Description: Experiments simulating magma decompression allow the textures of volcanic rocks to be calibrated against known eruptive conditions. Interpretation of natural samples may be complicated, however, by both the decompression path and the composition of exsolving volatiles, which affect the time evolution of crystal textures. Here we present the results of decompression experiments at elevated temperature and pressure designed to assess the effects of degassing path on crystallization of Mount St. Helens rhyodacite. Three families of experiments were employed to simulate varied P H 2 O– t trajectories: single-step, H 2 O-saturated decompression (SSD); continuous, H 2 O-saturated decompression (CD); continuous, H 2 O–CO 2 -saturated decompression. Quantitative textural data (crystal abundance, number density, and size) are used to calculate plagioclase nucleation and growth rates and assess deviations from equilibrium in run products. These are the first experiments to quantify feldspar nucleation and growth rates during H 2 O–CO 2 -saturated decompression. We find that reducing the initial melt water content through addition of CO 2 increases nucleation rates relative to the pure water case, an effect most pronounced at low d P /d t. Moreover, these early formed textural distinctions persist at the lowest pressures examined, suggesting that deep H 2 O–CO 2 fluids could leave a lasting textural ‘fingerprint’ on erupted magmas. Crystals formed prior to decompression during the annealing process also modulate sample textures, and growth on pre-existing crystals contributes significantly to added crystallinity at a wide range of experimental conditions. The phase assemblage itself is a dynamic variable that can be used in conjunction with textural data to infer conditions of magma ascent and eruption. Finally, quantitative textural data from experimental samples are compared with those of natural pyroclasts erupted during the summer 1980 explosive–effusive transition at Mount St. Helens. This comparison supports a model of magma ejected from multiple storage regions present in the upper crust following the May 18 Plinian eruption, such that subsequent eruptions tapped magmas that experienced varied decompression and degassing histories.
    Print ISSN: 0022-3530
    Electronic ISSN: 1460-2415
    Topics: Geosciences
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  • 10
    Publication Date: 2013-12-04
    Description: Mafic lava flows are common; for this reason, they have long been a focus of volcanological studies. However, field studies of both older and active flows have been hampered by difficulties in field access; active flows are hot, whereas older flows have rough and jagged surfaces that are difficult to traverse. As a result, morphometric studies of lava flows have generally lagged behind theoretical studies of flow behavior. The advent of laser scanning (LS) (i.e., lidar, light detection and ranging) technologies, both airborne mapping (ALSM) and terrestrial (TLS), is promoting detailed studies of lava flows by generating data suitable for production of high-resolution digital elevation models (DEMs). These data are revolutionizing both the visual and quantitative analysis of lava flows. First and foremost, this technology allows accurate mapping of flow boundaries, particularly in vegetated areas where bare earth imaging dramatically improves mapping capabilities. Detailed imaging of flow surfaces permits mapping and measurement of flow components, such as channels, surface folds, cracks, blocks, and surface roughness. Differencing of preeruptive and posteruptive DEMs allows analysis of flow thickness variations, which can be related to the dynamics of lava emplacement. Multitemporal imaging of active flows provides information not only on the rates and locations of individual flow lobes, but also measurement of pulsed lava transport. Together these new measurement capabilities can be used to test proposed models of channel formation, lava tube formation, rates of flow advance, and flow conditions within lava channels; they also provide new ways to assess the hazard and risk posed by lava flow inundation. Early published studies illustrate the potential of applying lidar to volcanic terrain; it is clear, however, that the availability of high-resolution digital topography is poised to revolutionize the study of mafic lava flows.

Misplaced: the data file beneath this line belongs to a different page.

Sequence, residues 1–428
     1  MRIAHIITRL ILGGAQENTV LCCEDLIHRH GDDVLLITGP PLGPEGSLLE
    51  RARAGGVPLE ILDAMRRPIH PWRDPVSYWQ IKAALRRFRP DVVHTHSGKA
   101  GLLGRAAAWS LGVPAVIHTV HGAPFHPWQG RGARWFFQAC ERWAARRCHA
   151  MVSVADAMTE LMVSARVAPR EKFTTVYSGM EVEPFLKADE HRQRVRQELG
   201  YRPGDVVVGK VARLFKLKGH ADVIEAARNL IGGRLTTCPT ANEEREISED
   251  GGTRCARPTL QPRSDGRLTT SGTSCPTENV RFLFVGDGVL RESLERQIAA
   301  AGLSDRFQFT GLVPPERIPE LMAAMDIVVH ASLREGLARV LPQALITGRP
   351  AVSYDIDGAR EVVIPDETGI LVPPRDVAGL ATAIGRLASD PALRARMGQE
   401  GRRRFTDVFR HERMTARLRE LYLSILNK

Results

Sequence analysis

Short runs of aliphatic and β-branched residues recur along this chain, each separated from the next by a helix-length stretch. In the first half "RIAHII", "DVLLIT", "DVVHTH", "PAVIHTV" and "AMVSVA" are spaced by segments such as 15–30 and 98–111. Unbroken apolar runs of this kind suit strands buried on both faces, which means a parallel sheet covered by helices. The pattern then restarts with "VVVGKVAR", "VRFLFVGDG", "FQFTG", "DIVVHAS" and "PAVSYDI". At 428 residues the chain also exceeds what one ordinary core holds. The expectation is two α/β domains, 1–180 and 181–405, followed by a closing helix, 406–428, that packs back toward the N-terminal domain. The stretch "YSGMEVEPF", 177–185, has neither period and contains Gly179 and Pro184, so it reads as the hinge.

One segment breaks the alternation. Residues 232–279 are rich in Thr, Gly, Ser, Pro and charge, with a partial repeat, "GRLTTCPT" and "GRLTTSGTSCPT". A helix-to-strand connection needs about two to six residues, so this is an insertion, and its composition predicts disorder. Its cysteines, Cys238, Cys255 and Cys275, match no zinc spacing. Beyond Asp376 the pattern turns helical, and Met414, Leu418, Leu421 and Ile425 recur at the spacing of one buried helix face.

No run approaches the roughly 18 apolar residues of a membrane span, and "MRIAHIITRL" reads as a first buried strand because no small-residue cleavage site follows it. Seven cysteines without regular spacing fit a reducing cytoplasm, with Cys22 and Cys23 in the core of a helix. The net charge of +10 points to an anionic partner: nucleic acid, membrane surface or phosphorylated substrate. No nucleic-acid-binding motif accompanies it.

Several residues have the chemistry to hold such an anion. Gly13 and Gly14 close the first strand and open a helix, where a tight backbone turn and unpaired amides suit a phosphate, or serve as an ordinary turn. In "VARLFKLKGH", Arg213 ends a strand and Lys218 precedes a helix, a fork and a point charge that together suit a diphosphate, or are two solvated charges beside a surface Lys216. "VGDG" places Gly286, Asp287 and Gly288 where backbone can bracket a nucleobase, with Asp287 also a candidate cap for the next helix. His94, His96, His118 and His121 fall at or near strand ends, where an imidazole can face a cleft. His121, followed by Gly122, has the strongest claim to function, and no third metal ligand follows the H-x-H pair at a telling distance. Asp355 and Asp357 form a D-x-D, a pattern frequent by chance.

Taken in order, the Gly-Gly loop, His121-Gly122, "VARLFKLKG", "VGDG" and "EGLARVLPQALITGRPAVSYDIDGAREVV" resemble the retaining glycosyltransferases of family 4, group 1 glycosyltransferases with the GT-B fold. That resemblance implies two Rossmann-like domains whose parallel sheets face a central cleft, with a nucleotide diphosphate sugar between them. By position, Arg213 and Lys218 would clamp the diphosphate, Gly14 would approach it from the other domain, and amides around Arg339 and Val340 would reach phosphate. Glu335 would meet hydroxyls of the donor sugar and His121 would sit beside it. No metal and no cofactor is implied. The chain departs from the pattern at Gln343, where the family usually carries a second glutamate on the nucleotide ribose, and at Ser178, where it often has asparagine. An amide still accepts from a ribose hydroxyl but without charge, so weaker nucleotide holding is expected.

Electronic ISSN: 1553-040X
    Topics: Geosciences